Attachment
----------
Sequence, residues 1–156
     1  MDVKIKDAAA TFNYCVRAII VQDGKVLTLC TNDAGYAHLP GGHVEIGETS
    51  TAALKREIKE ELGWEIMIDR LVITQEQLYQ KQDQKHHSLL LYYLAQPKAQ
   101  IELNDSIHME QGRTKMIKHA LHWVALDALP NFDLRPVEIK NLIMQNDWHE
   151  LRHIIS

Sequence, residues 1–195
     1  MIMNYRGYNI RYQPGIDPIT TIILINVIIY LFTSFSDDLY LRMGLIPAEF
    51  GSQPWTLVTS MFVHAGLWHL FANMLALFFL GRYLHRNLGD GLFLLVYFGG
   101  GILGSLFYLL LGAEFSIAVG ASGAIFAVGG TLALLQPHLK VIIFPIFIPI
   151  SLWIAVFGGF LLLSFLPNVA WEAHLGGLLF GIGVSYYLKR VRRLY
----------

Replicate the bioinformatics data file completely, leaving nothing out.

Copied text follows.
Sequence, residues 1–156
     1  MDVKIKDAAA TFNYCVRAII VQDGKVLTLC TNDAGYAHLP GGHVEIGETS
    51  TAALKREIKE ELGWEIMIDR LVITQEQLYQ KQDQKHHSLL LYYLAQPKAQ
   101  IELNDSIHME QGRTKMIKHA LHWVALDALP NFDLRPVEIK NLIMQNDWHE
   151  LRHIIS

Sequence, residues 1–195
     1  MIMNYRGYNI RYQPGIDPIT TIILINVIIY LFTSFSDDLY LRMGLIPAEF
    51  GSQPWTLVTS MFVHAGLWHL FANMLALFFL GRYLHRNLGD GLFLLVYFGG
   101  GILGSLFYLL LGAEFSIAVG ASGAIFAVGG TLALLQPHLK VIIFPIFIPI
   151  SLWIAVFGGF LLLSFLPNVA WEAHLGGLLF GIGVSYYLKR VRRLY